Selfie / Lowest Beauty Setting
The selfie camera is also pretty decent and comes with a beauty mode. You’ll want to dial it all the way down though as this mode typically overdoes the beautification on any phone.
You’ll probably get a lot of mileage out of the Zenfone Max Pro M2’s cameras as it takes great closeups of your food in the right lighting.
I really liked the shallow depth-of-field effect the dual cameras provided and it didn’t look too artificial as it can on some other setups.
One thing I’m not a huge fan of is the night mode. While it does bump the brightness up, the signages always end up over-exposed. Overall though, not bad for a midrange smartphone that isn’t primarily a camera phone.
If you’re looking for a gaming smartphone, the Zenfone Max Pro M2 is a promising handset, primarily due to a combination of a decent chipset and excellent battery life. While you’re not going to get top-shelf graphics, the Adreno 512 GPU is more than enough for most games you’ll find on the Play Store. I was able to play popular games like Honkai Impact 3 and Dragon Ball Legends with nary a hiccup. Where I really appreciated the battery life though was on Ragnarok M, which I was able to set to Auto attack for 7 straight hours!
For those with extensive media libraries or streaming services, the Zenfone Max Pro M2 will help you maximize them. The combination of excellent screen, large storage, and high speed connectivity all make it a powerhouse of a multimedia device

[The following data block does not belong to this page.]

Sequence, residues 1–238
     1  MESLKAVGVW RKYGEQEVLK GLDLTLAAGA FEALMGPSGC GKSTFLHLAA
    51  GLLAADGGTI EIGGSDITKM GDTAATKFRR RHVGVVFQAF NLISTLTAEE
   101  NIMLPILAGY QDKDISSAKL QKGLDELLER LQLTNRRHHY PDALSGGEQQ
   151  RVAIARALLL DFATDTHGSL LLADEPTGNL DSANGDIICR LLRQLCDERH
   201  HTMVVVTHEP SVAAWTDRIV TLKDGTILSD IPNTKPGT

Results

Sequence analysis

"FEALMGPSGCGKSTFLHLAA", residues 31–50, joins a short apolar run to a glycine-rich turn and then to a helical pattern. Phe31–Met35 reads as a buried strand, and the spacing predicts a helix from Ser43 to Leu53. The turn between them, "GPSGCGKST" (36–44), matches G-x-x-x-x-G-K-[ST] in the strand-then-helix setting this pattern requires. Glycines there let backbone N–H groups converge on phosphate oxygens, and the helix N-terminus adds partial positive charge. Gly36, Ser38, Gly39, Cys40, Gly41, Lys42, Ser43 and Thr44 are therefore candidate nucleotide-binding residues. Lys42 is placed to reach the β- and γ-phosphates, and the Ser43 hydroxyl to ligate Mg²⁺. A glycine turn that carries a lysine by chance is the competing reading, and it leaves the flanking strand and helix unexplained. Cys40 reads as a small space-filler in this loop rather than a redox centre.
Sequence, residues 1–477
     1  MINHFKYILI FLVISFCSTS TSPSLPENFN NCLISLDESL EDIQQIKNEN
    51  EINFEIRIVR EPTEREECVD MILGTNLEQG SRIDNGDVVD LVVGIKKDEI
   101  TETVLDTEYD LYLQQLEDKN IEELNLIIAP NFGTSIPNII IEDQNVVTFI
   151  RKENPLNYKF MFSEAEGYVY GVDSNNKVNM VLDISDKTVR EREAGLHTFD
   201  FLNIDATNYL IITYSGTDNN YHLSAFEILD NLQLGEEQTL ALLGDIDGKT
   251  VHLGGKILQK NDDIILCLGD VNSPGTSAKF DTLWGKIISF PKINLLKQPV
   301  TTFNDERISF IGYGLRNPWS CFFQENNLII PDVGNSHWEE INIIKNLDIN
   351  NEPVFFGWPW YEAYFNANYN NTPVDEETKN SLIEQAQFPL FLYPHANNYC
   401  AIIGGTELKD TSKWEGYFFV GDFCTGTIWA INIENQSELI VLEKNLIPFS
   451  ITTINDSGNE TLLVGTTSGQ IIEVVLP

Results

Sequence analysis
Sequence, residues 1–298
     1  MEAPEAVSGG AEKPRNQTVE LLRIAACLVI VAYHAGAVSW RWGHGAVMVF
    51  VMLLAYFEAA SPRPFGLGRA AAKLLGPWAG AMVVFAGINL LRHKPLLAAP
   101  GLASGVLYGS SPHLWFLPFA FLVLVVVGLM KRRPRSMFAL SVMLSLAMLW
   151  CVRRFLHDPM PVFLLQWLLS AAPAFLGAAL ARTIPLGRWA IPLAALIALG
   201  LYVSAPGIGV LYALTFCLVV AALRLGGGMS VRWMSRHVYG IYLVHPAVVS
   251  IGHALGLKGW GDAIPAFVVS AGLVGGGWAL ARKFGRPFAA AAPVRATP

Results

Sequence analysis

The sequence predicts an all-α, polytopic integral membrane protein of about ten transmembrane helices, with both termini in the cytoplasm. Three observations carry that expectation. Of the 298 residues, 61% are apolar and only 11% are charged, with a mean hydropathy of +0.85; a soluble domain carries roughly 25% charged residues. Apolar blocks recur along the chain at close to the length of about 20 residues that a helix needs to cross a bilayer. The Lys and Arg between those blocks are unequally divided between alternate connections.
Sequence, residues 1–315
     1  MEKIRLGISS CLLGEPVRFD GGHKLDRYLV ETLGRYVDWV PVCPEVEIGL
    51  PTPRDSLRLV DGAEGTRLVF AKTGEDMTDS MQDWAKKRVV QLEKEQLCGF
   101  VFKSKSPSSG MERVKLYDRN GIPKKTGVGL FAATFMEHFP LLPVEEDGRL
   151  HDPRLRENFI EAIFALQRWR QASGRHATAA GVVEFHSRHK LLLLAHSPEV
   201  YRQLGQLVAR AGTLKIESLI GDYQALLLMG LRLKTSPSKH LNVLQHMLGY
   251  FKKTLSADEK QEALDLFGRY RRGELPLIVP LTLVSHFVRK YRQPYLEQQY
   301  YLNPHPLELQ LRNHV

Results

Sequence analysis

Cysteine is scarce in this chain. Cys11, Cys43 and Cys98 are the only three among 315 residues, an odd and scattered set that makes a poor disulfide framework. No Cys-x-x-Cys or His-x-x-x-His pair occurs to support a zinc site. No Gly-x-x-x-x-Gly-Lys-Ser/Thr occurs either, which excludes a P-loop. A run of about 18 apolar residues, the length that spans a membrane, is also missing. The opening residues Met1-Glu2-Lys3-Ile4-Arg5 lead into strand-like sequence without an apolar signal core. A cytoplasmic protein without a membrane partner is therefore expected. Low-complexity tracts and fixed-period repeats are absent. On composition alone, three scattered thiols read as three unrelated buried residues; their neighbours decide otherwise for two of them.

If it’s from the Zenfone Max lineup, battery life is going to be the focus, and the Zenfone Max Pro M2 is no different. Packing a 5,000mAh, it’s got enough juice to comfortably last for a couple of days before having to be plugged in again.
Its battery life in the real world is pretty excellent too. I’m typically able to go 14 hours straight with mobile data and WiFi always turned on to go along with some heavy gaming. And as previously mentioned, I was able to get 7 hours straight of Ragnarok M on Auto.
In the past, gamers would often have to charge once or twice a day whereas now, the Zenfone Max Pro M2 can last an entire day at school or work!
One thing I don’t like though is that it skips the USB Type-C and instead goes for Micro USB. Sure, it’s still able to charge at a faster rate than most phones, it’s large battery would have benefited more from the high speed charging that Type-C can provide.
So Should You Buy It?
The ASUS Zenfone Max Pro M2 is an excellent midranger, providing a lot of bang-for-buck, not to mention excellent battery life for just Php14,995 for the 6GB RAM variant and even as low as Php12,995 for the 4GB RAM version. Whether you’re a budget-minded gamer, power user, or social media savant, the Max Pro M2 will meet your needs and then some. However, it does not exist in a vacuum and there are a lot of worthy challengers at this price point, some of which probably come with sizeable batteries + a Type-C port. Still, if you do decide to drop your money on this, you won’t be disappointed!